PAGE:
Professional Athletes – All work no play

While we tune in on our televisions and watch Lebron James take off from the free throw line to slam down a dunk or see Derek Jeter perform his patented “Jeter play” we see freedom and excitement coming from them. Freedom, happens to be a key characteristic of Huzinga’s definition of play. While we do see that in instances of sports, do professional athletes really just go out and “play”? As a student-athlete here, I do not believe there is much “play” for the sport I play and I am sure that most student-athletes here would agree with me.

In regards to professional sports, athletes go through what we consider today the “grind.” Throughout their conditioning, training, practicing and playing, there is not much room for play. When thinking about play in Huzinga’s terms, play involves:

1. Freedom

2. Limited time and space

3. Demands order

4. No real interest

5. No profit gain

Now from what I believe to be the characteristics of Huzinga’s terms for play, professional sports and athletes do not fit in most of these categories. In regards to freedom, well, where is the freedom when every major sport has rules and regulations? Also, is it freedom or play when you are on a strict weekly schedule, showing where you need to be at what time wearing this, that, and the other thing?

#2 yes, most sports do have limited time and space except for baseball, there is only limited space. The sports have certain periods that only allow so much time. They are allowed a limited amount of space where there are goal lines that they can not cross due to regulations.

#3 on the list could work in professional sports. From personal experience, order is a key factor in sport. Coaches demand order, organization, focus, anything that involves being diligent in their craft.  In order to compete in these professional sports, you have to create order in yourself as a player in order to succeed.

#4 is the complete opposite for professional sports in terms of play. This is their job, their livelihood.  They have gone through the ranks, starting as little kids, growing up and competing at high levels constantly working and getting better so that they may one day be able to play at the professional level.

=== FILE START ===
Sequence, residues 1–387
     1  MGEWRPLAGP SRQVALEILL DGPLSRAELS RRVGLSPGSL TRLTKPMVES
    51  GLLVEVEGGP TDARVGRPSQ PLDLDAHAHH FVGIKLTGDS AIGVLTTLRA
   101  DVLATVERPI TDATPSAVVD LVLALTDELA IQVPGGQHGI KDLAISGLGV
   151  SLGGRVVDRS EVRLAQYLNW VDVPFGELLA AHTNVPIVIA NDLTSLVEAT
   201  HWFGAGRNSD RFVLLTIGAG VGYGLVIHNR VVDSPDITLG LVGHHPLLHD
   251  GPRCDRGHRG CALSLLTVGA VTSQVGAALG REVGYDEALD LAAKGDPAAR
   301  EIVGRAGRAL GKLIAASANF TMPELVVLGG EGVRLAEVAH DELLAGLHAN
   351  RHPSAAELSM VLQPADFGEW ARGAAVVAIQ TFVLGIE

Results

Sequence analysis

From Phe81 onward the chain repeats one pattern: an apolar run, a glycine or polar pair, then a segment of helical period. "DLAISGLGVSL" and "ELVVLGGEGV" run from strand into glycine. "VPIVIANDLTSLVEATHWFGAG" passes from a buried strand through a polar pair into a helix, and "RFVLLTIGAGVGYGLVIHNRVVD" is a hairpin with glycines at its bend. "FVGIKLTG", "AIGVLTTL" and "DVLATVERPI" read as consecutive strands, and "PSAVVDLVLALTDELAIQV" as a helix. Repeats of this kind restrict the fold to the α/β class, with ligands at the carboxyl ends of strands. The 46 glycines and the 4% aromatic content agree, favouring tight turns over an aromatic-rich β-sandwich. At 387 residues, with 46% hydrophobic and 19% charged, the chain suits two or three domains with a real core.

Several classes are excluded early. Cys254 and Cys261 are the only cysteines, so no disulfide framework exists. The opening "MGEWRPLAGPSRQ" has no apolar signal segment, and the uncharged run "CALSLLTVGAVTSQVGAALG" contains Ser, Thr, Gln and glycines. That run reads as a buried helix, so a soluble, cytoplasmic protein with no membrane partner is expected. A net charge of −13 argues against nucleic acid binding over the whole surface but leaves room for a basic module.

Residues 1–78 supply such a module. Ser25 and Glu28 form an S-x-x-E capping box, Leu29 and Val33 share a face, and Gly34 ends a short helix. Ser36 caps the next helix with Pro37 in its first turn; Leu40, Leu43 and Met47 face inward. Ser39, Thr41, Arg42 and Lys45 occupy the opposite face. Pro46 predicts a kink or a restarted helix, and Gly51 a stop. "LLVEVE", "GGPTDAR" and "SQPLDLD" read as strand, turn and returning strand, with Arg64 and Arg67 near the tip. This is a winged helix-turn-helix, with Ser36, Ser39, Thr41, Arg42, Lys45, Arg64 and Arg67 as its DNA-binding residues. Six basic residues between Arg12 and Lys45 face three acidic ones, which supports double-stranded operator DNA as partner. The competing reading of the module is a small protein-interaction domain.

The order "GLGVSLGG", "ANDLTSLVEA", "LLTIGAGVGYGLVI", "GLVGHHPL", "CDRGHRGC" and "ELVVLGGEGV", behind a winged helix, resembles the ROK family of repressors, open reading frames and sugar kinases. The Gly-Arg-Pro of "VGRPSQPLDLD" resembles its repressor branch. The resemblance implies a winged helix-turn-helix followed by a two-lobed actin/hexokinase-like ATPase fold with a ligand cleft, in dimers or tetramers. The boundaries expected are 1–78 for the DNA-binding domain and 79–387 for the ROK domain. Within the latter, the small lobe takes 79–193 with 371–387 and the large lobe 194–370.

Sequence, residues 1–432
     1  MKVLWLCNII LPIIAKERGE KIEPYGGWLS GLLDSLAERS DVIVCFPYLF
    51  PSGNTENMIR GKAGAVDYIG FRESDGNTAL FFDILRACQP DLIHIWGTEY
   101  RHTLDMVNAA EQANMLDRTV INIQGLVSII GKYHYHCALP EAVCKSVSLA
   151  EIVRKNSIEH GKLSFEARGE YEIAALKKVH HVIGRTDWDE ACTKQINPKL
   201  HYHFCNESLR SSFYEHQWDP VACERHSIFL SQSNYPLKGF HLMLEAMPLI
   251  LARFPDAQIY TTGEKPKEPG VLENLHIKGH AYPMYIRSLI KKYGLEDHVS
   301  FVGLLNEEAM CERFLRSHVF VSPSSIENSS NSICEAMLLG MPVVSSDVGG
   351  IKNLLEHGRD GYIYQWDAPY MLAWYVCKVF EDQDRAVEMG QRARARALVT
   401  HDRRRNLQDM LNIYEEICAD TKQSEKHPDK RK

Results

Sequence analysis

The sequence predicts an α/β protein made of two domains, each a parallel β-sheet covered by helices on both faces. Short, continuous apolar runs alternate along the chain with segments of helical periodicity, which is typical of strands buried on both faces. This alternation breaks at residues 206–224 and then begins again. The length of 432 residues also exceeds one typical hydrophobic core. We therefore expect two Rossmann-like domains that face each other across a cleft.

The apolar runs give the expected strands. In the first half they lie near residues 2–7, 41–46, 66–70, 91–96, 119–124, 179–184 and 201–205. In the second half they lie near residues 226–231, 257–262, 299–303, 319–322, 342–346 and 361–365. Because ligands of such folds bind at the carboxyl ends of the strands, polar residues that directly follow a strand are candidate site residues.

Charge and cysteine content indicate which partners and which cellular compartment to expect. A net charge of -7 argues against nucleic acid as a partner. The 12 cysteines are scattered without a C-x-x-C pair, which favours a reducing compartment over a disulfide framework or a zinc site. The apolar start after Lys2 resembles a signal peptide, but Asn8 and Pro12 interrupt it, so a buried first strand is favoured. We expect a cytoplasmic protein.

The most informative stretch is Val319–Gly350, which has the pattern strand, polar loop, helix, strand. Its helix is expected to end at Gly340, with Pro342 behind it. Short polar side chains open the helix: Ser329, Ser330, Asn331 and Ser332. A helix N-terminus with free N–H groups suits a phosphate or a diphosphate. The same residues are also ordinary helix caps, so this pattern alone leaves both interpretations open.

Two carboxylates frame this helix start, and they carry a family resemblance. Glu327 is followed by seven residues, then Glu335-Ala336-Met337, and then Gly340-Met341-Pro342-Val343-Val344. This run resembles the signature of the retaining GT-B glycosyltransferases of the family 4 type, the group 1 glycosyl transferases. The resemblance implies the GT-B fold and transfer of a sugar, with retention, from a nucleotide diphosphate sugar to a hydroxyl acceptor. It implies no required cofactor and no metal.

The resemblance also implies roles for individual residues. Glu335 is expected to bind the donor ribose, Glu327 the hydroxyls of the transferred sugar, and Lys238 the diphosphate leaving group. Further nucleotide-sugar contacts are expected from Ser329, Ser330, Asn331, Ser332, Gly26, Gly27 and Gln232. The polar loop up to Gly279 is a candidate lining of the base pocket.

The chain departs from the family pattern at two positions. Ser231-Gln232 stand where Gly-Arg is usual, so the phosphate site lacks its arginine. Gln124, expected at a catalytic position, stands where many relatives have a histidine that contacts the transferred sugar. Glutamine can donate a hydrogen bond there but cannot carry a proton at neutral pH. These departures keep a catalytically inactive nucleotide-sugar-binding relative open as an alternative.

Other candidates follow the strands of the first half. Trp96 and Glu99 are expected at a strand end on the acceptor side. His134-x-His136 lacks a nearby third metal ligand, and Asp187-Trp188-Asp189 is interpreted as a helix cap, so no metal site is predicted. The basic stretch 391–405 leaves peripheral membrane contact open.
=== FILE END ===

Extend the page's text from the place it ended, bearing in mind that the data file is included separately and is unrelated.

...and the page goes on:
#5 I mean lets be honest….how much money does the NFL, MLB, NBA, NHL make it profit? Exactly. For Huzinga’s style of play, there is not money involved, no business. In professional sports, it has become nothing but a business. Contracts, negotiations, free agencies, all business.

Now, although professional sports do not match the characteristics of play that Huzinga noted, it is not like professional athletes do not have fun. As I right this blog, Derek Jeter gets the game winning hit in his final game at Yankee Stadium. Imagine the fun he had during that time. We see athletes having fun in games, smiling as they dominate the game. While sport may be serious and organized, there is a fun side to it. In Huzinga’s theory however, professional sport is no where near his idea of “play.”

 

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One thought on “Professional Athletes – All work no play

  1. Carm, I dont really agree with you. Although there are some cases where athlete play for play I believe that people do play to play. If an athlete is not satisfied and is not having fun then they can do something else. From my short time here I have already seen and heard of cases where people think what they are doing is too much for them and they stop playing. On to free time. I would consider free time to be something somebody does for fun. When we engage in our sports, we have fun. Yes, we are practicing according to a routine but we get to enjoy the game. We may not be able to hang around and do nothing but then that doesnt fall under the category of play.

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